I am much more selective now because I know myself, and like myself more. And as I grow wiser, I simply have a lower threshold for bullshit. Life is short. Why be miserable with someone with whom I don’t harmonize, who doesn’t bring out the best in me? The last one brought out the worst in a way that was actually disturbing. I tried to let things slide but details piled up and so ya, I’m picky. Haven’t met anyone I want to go out with since.

Why is it so difficult for some people to understand that contentment is preferable to unhappiness? Seems a no-brainer.

Onely - August 31, 2009

Lauri and Autonomous–excellent point about the irony of being “too picky” to find someone you’re “supposed” to be very very picky about. This lose-lose rhetoric reminds me of the “you don’t get any and also you’re a ho” stereotype (for women at least).

3. Alan - August 31, 2009

I suspect the “too picky” argument isn’t really about one’s standards in finding a mate.

Like many other related arguments, it’s really a way to explain singles in a negative way. And since it usually comes from married folks it helps to promote their status and the expense of yours.

Onely - August 31, 2009

I would actually say that the “too picky” argument comes from single folks a surprising amount of the time–maybe some brainwashing is in effect.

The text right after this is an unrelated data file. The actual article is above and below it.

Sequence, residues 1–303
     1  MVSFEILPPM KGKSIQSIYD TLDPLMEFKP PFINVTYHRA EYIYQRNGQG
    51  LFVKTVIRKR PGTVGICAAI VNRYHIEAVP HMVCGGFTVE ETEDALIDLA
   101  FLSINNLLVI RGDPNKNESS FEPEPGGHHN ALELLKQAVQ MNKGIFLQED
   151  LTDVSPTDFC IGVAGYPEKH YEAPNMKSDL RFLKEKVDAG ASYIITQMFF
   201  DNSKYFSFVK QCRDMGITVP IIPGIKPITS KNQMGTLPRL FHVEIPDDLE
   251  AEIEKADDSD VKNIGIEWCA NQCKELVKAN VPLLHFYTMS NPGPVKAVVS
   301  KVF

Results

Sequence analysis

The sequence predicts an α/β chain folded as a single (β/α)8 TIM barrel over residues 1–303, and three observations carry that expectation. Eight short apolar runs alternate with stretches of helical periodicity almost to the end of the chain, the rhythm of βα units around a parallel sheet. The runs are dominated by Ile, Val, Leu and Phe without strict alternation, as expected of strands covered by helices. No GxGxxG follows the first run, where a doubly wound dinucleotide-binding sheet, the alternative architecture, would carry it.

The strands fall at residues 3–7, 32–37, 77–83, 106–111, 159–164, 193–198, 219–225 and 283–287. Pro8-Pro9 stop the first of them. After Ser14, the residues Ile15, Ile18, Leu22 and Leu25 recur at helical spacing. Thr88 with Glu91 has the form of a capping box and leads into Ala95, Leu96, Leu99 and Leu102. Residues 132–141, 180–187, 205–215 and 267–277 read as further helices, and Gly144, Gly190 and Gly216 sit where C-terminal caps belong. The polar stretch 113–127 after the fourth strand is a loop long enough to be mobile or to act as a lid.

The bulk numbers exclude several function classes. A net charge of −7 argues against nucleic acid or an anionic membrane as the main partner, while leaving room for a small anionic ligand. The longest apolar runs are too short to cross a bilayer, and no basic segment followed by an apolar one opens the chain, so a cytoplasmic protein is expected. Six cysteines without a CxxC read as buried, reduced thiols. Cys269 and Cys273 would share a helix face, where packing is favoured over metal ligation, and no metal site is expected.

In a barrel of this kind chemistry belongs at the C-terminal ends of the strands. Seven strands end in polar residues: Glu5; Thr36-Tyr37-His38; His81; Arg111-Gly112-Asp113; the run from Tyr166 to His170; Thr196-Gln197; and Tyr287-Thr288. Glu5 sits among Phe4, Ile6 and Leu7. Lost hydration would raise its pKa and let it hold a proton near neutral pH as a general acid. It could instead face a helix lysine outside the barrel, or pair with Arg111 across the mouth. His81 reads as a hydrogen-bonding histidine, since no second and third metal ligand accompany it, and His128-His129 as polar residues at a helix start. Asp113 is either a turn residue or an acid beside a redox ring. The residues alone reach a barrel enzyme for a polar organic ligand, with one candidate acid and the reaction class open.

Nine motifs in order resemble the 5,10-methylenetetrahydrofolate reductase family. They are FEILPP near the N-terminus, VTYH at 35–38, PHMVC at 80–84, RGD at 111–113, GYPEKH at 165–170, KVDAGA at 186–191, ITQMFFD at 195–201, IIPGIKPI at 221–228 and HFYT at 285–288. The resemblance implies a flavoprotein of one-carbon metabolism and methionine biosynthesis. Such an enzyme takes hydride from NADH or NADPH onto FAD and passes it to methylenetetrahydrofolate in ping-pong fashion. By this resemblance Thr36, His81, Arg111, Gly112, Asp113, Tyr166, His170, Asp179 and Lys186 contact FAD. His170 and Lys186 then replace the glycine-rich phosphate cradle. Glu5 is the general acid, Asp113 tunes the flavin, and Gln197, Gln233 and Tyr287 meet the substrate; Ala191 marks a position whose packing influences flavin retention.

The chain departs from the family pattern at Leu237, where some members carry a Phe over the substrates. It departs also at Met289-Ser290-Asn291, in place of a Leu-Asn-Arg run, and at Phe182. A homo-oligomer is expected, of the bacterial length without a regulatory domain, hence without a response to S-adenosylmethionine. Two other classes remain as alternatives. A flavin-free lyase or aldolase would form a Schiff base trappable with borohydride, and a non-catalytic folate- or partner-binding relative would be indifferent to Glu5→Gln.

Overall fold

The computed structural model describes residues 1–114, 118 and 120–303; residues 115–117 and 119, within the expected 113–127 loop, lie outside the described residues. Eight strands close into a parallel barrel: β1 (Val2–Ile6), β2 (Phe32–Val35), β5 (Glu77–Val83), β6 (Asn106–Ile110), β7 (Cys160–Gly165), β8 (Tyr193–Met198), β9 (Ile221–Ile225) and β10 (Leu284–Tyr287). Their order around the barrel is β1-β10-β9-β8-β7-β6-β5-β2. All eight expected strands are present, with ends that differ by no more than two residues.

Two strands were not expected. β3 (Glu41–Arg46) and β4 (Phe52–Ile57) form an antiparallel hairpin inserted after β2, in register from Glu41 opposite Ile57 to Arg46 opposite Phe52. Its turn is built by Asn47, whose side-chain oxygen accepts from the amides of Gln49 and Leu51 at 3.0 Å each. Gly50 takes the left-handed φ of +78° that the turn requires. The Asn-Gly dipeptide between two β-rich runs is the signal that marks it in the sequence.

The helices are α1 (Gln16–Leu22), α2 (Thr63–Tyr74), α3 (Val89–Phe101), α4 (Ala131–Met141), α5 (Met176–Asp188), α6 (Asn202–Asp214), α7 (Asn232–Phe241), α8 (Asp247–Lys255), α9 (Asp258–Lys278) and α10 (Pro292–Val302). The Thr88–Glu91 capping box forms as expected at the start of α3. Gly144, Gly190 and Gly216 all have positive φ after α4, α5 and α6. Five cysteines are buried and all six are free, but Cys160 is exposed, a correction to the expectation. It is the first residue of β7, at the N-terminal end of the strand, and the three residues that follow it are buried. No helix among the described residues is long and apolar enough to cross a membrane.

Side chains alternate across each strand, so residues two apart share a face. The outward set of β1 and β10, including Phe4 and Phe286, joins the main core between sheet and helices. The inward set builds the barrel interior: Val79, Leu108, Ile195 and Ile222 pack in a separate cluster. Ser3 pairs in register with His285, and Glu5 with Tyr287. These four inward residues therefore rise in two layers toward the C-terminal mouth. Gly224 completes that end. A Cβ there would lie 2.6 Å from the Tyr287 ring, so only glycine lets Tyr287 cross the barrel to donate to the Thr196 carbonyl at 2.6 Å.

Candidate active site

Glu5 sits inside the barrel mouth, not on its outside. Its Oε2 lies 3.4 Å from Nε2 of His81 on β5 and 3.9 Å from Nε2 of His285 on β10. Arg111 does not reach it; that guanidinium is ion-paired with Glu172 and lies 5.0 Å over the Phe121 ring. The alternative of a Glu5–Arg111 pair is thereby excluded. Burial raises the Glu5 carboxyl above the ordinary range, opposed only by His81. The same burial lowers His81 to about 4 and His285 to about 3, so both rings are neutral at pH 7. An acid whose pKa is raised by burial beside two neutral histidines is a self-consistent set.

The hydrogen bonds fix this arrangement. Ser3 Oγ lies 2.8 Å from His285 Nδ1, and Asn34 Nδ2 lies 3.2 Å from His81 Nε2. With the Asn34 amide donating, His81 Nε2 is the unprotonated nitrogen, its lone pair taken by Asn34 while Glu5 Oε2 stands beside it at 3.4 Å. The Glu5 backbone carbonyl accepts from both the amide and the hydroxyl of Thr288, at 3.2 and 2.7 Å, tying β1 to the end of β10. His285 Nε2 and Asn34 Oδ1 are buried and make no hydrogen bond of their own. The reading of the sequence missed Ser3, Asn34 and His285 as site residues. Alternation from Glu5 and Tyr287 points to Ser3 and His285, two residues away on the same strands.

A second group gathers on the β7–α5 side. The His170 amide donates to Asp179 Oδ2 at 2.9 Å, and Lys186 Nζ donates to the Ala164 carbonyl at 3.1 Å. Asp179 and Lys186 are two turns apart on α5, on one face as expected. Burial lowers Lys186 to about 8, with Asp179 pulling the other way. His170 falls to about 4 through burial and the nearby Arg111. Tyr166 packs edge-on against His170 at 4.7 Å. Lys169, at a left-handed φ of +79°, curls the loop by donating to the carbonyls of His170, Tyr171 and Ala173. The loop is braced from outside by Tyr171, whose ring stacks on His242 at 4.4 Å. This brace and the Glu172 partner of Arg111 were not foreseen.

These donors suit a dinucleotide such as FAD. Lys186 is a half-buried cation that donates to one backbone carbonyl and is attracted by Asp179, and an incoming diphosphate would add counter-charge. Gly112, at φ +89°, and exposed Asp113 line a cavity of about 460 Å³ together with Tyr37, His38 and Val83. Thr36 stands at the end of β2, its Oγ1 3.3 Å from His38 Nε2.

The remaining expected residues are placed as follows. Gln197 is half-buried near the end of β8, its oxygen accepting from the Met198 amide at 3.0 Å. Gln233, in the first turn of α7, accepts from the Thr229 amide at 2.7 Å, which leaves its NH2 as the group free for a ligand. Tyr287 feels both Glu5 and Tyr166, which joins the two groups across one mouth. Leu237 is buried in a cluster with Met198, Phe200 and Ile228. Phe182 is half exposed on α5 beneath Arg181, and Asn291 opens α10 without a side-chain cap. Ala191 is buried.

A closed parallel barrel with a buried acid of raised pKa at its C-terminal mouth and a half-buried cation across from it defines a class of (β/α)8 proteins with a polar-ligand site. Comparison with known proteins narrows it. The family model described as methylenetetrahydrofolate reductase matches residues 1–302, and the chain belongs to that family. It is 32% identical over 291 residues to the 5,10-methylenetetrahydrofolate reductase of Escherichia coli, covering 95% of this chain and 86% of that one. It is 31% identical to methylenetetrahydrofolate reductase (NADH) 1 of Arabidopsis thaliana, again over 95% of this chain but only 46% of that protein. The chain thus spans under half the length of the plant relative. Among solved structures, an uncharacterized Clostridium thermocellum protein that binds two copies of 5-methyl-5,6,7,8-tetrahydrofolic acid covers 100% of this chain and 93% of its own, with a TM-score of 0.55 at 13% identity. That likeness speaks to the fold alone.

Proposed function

Lauri - September 1, 2009

“Like many other related arguments, it’s really a way to explain singles in a negative way. And since it usually comes from married folks it helps to promote their status and the expense of yours.”

I don’t know why it would help promote their status- it would imply that they weren’t picky in choosing their mate. That’s the contradiction that doesn’t make any sense to me.

4. sw - September 5, 2009

what’s the point in being with someone if you’re not happy, anyhow? why waste your life that way? so many people do it, but to what end? i’d say the problem state is not being ‘too picky’ but being ‘not picky enough’.

and anyway, people who marry/coupled young and stay married/coupled were probably just as picky as anyone else, they just learnt to be picky sooner and were lucky enough to find someone who met their needs.